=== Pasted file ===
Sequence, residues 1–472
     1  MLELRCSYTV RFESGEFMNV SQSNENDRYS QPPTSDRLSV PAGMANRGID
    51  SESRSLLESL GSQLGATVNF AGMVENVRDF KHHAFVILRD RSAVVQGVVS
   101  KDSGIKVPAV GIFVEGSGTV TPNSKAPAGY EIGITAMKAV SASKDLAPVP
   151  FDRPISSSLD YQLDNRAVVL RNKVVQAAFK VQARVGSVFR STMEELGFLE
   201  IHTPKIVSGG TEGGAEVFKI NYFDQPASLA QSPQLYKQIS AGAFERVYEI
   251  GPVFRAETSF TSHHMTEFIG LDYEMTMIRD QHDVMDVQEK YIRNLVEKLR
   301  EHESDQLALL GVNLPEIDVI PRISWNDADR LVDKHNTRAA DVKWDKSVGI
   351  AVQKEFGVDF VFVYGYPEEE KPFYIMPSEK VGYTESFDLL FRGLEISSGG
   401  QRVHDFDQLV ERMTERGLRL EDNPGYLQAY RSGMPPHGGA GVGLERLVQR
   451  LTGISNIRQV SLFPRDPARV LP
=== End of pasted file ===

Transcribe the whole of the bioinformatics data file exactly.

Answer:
Sequence, residues 1–472
     1  MLELRCSYTV RFESGEFMNV SQSNENDRYS QPPTSDRLSV PAGMANRGID
    51  SESRSLLESL GSQLGATVNF AGMVENVRDF KHHAFVILRD RSAVVQGVVS
   101  KDSGIKVPAV GIFVEGSGTV TPNSKAPAGY EIGITAMKAV SASKDLAPVP
   151  FDRPISSSLD YQLDNRAVVL RNKVVQAAFK VQARVGSVFR STMEELGFLE
   201  IHTPKIVSGG TEGGAEVFKI NYFDQPASLA QSPQLYKQIS AGAFERVYEI
   251  GPVFRAETSF TSHHMTEFIG LDYEMTMIRD QHDVMDVQEK YIRNLVEKLR
   301  EHESDQLALL GVNLPEIDVI PRISWNDADR LVDKHNTRAA DVKWDKSVGI
   351  AVQKEFGVDF VFVYGYPEEE KPFYIMPSEK VGYTESFDLL FRGLEISSGG
   401  QRVHDFDQLV ERMTERGLRL EDNPGYLQAY RSGMPPHGGA GVGLERLVQR
   451  LTGISNIRQV SLFPRDPARV LP